Archaeologists Keep Finding Preserved Human Brains. But How Do the Organs Remain Intact?

Scientists have unearthed more than 4,400 human brains—some more than 12,000 years old—making them less rare than thought, a new study finds

Preserved brain against a white backdrop
Preserved brains tend to look like normal brains, but they're often one-fifth of the typical size. Alexandra Morton-Hayward

If they’re lucky, archaeologists find human bones or teeth that have been preserved for hundreds or thousands of years. But they very rarely find tendons, muscles and skin, because soft tissue tends to disintegrate over time. However, this rule comes with one big exception: human brains.

More than 4,400 preserved human brains—some that are 12,000 years old—have been discovered across much of the world, according to a new paper published Wednesday in the journal Proceedings of the Royal Society B. And in more than 1,300 cases, the brain was the only soft tissue to survive—often, without an obvious explanation.

Study co-author Alexandra Morton-Hayward, now a paleobiologist at the University of Oxford in England, first became intrigued by brains while working as an undertaker. She noticed that brains typically decomposed faster than other organs, turning to liquid and leaving behind only an empty skull. But sometimes, the “brain was still perfect, like a jelly,” she tells Science’s Andrew Curry.

Later, when she became a PhD student, Morton-Hayward read about intact brains found inside the skulls of 8,000-year-old human skeletons in Florida. Intrigued, she decided to go looking for more papers that referenced preserved human brains.

In her search, she repeatedly came across language that described finding preserved brains as a rare and unusual phenomenon. But as she read more and more papers—and brought specimens into her lab—she realized they’re much more common than previously thought.

For the new paper, Morton-Hayward and her colleagues cataloged the known preserved human brains that had been described in the archaeological record. Creating this comprehensive database allowed them to zoom out and look for patterns.

Preserved brains look like “normal, perfect, fresh” human brains, except they’re usually about a fifth of the usual size, Morton-Hayward tells Science. They typically have a “tofu-like consistency,” she adds. They’ve been found with bog bodies and Incan human sacrifices on top of South American volcanoes, as well as in medieval cemeteries, in Egyptian necropolises and in mass graves from the Spanish Civil War.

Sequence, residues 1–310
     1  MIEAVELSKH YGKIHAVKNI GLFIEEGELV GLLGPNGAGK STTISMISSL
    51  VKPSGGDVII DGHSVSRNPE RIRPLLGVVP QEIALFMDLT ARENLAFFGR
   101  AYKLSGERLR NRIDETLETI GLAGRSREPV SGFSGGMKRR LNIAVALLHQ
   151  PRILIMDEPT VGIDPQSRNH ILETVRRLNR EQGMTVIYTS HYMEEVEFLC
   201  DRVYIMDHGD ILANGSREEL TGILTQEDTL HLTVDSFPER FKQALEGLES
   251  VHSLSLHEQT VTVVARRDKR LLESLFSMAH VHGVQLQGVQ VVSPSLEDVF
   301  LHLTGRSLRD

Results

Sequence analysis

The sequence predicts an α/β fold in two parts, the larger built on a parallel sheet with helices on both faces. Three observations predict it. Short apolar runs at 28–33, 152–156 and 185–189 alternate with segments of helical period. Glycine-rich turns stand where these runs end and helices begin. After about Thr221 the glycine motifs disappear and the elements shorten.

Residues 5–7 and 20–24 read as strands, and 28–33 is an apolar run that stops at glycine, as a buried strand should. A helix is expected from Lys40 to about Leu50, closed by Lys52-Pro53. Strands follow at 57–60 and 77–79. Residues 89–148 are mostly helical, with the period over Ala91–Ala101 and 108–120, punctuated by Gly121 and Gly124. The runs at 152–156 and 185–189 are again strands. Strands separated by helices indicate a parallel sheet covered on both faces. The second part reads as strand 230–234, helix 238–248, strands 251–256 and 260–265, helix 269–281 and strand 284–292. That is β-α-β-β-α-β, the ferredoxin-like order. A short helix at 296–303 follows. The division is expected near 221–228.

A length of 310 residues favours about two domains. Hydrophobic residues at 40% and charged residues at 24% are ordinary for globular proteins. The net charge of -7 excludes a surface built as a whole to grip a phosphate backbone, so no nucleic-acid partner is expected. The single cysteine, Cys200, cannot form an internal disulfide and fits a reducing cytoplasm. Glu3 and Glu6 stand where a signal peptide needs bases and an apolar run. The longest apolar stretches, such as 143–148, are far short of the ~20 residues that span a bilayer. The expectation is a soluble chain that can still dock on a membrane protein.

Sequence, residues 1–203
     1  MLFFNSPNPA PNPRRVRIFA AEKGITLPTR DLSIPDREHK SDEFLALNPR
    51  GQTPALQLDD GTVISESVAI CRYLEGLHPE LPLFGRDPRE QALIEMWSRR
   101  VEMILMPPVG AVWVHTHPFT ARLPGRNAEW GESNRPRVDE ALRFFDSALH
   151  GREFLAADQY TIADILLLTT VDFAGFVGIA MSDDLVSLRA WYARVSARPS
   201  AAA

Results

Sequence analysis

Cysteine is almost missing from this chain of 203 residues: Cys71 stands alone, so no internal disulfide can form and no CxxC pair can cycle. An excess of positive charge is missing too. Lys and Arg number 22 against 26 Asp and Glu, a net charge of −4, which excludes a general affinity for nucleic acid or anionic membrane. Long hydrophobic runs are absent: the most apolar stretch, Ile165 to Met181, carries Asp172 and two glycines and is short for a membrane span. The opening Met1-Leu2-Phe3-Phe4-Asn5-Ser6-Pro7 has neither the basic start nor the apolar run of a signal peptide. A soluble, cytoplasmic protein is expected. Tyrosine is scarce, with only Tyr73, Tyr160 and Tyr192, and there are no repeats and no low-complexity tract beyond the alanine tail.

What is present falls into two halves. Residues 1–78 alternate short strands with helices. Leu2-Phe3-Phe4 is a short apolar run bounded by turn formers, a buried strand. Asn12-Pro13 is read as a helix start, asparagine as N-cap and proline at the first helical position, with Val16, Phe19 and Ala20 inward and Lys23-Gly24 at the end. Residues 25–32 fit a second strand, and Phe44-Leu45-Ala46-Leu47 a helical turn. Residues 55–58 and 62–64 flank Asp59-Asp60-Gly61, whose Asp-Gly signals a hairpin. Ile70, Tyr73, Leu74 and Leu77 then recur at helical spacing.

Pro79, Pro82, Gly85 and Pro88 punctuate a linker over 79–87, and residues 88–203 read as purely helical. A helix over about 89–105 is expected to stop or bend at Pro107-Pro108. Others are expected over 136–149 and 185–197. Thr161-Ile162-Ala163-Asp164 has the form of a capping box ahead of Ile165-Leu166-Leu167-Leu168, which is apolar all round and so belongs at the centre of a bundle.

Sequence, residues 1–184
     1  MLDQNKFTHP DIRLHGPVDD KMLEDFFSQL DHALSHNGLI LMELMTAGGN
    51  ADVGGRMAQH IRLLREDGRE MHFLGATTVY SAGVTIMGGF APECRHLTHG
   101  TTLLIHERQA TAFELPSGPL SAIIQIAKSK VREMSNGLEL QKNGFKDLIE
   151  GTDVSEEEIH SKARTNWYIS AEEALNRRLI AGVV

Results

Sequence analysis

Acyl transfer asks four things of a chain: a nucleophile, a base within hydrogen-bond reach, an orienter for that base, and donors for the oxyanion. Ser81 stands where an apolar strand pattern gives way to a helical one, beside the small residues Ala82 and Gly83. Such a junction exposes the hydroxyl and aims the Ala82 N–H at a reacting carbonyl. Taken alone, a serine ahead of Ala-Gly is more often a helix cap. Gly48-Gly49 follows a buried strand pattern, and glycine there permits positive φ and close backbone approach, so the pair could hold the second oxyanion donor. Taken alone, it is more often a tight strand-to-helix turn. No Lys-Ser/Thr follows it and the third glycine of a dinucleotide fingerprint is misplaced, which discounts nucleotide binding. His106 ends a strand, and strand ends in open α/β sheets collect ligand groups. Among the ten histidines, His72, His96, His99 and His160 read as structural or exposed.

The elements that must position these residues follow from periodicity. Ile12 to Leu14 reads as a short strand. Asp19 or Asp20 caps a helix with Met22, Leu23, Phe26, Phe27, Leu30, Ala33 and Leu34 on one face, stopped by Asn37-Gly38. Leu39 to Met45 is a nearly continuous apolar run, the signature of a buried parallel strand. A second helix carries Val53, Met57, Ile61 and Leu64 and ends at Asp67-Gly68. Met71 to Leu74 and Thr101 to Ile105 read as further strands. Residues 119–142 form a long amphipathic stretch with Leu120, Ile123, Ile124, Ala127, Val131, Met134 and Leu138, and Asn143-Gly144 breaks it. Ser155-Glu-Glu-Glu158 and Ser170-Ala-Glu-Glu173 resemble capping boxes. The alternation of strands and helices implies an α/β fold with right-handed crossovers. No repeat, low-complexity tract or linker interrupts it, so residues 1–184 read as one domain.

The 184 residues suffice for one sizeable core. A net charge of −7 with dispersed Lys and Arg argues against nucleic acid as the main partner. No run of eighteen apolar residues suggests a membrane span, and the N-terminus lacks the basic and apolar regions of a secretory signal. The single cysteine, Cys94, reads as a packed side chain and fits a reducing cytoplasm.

In many cases, the brain’s preservation could easily be explained by known forces, such as dehydration or freeze-drying. Nearly 38 percent were dehydrated, and 30 percent were saponified, a chemical process that produces a preservative substance known as grave wax from fats in the body. Less than 2 percent were frozen, and less than 1 percent were tanned.

But a little more than 30 percent of the brains were preserved by some mysterious, yet-to-be-discovered process.

“This unknown mechanism is completely different,” Morton-Hayward tells New Scientist’s Michael Le Page. “The key feature of it is that we only have the brain and the bones left. There’s no skin, no muscle, no gut.”

Researchers don’t know what happened to those brains, but they do know they were found in a wide array of different settings and climates—from shipwrecks and lead coffins to burial mounds and shallow graves.

“The absence of unifying environmental factors points to something in the brain itself,” that allows for its preservation, Morton-Hayward tells El País’ Miguel Ángel Criado.

Multiple brains against a white background
Preserved brains have been found in all sorts of different settings, from shallow graves to shipwrecks. These brain fragments are from an individual buried in a Victorian workhouse cemetery. Alexandra Morton-Hayward

One possibility is that the presence of certain substances, such as iron, at the archaeological sites might be triggering a chemical reaction that makes the brain tissue more stable. Researchers still need to test that theory, but if it’s true, it might offer new insights into neurodegenerative diseases like dementia, per New Scientist.

More broadly, the new paper suggests archaeologists should be on heightened alert for preserved brains when conducting field research. These organs can be easily overlooked, because they’re often the same color as their surroundings.

“It is therefore highly likely that brain material is frequently discarded during archaeological excavation as it is not recognized for what it is,” says Brittany Moller, an archaeologist at James Cook University in Australia who was not involved in the research, to New Scientist.

Since the work also shows that preserved brains are not as uncommon as previously thought, it might also encourage researchers to analyze the organs, rather than keeping them carefully tucked away. Right now, less than 1 percent of the preserved brains have been studied.

“If they’re precious, one-of-a-kind materials, then you don’t want to analyze them or disturb them,” Morton-Hayward tells Science News’ Nora Bradford.

Get the latest stories in your inbox every weekday.